One of the reasons smart city projects don’t succeed is because they are typically taken on as an IT initiative, which they are not. We all know that digital technology is an important element of smart cities, but it is also about bringing in policy-level intervention. It means having a framework, bringing cultural change, and enabling a change management across the whole ecosystem.
At The Open Group work group level, we would like to develop a reference architecture. At a more practical level, we would like to support that reference architecture with implementation use cases. We all agree that we are not going to look at a top-down approach; no city will have the resources or even the political will to do a top-down approach.
Given that we are looking at a bottom-up, or a middle-out, approach we need to identify use cases that are more relevant and successful for smart cities within the Government Enterprise Architecture Work Group. But this thinking will also evolve as the work group develops a reference architecture under a framework.
Gardner: Dr. Harding, how will work extend from other activities of The Open Group to smart cities initiatives?
Collective, crystal-clear standards
Harding: For many years, I was a staff member, but I left The Open Group staff at the end of last year. In terms of how The Open Group can contribute, it’s an excellent body for developing and understanding complex situations. It has participants from many vendors, as well as IT users, and from the academic side, too.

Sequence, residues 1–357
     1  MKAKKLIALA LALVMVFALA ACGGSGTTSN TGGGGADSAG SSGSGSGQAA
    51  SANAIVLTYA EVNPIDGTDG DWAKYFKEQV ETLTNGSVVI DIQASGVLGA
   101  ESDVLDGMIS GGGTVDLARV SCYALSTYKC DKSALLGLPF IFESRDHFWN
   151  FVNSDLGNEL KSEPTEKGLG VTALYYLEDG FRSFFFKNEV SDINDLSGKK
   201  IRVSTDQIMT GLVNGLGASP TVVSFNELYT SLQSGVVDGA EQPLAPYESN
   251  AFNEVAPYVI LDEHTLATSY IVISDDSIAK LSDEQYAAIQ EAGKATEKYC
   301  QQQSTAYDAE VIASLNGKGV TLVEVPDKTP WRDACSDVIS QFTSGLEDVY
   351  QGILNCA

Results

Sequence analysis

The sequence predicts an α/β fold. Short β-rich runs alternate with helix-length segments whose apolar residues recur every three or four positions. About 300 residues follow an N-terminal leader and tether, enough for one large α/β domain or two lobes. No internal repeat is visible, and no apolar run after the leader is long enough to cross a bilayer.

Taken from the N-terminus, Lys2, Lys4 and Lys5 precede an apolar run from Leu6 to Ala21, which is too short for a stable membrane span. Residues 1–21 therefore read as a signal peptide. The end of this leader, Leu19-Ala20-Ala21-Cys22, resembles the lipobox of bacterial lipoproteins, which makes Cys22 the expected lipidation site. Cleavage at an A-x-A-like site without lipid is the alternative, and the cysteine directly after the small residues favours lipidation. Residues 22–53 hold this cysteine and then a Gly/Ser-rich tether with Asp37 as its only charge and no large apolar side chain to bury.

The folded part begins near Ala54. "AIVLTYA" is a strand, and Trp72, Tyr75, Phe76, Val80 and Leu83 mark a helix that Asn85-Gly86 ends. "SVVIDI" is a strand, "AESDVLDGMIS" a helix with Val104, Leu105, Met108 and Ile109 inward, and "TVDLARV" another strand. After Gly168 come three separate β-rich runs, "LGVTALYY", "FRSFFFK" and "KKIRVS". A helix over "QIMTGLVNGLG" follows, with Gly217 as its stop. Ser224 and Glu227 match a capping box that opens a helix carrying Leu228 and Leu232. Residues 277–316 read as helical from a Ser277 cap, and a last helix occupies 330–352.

Such a mix of participants, backgrounds, and experience creates a great place to develop an understanding of what is needed and what is possible. As that understanding develops, it becomes possible to define standards. Personally, I see standardization as kind of a crystallization process in which something solid and structured appears from a liquid with no structure. I think that the key role The Open Group plays in this process is as a catalyst, and I think we can do that in this area, too.
Gardner: Don Brancato, same question; where do you see The Open Group initiatives benefitting a positive evolution for smart cities?
Brancato: Tactically, we have a data exchange model, the Open Data Element Framework that continues to grow within a number of IoT and industrial IoT patterns. That all ties together with an open platform, and into Enterprise Architecture in general, and specifically with models like DODAF, MODAF, and TOGAF.
Data catalogs provide proof of the activities of human systems, machines, and sensors to the fulfillment of their capabilities and are traceable up to the strategy.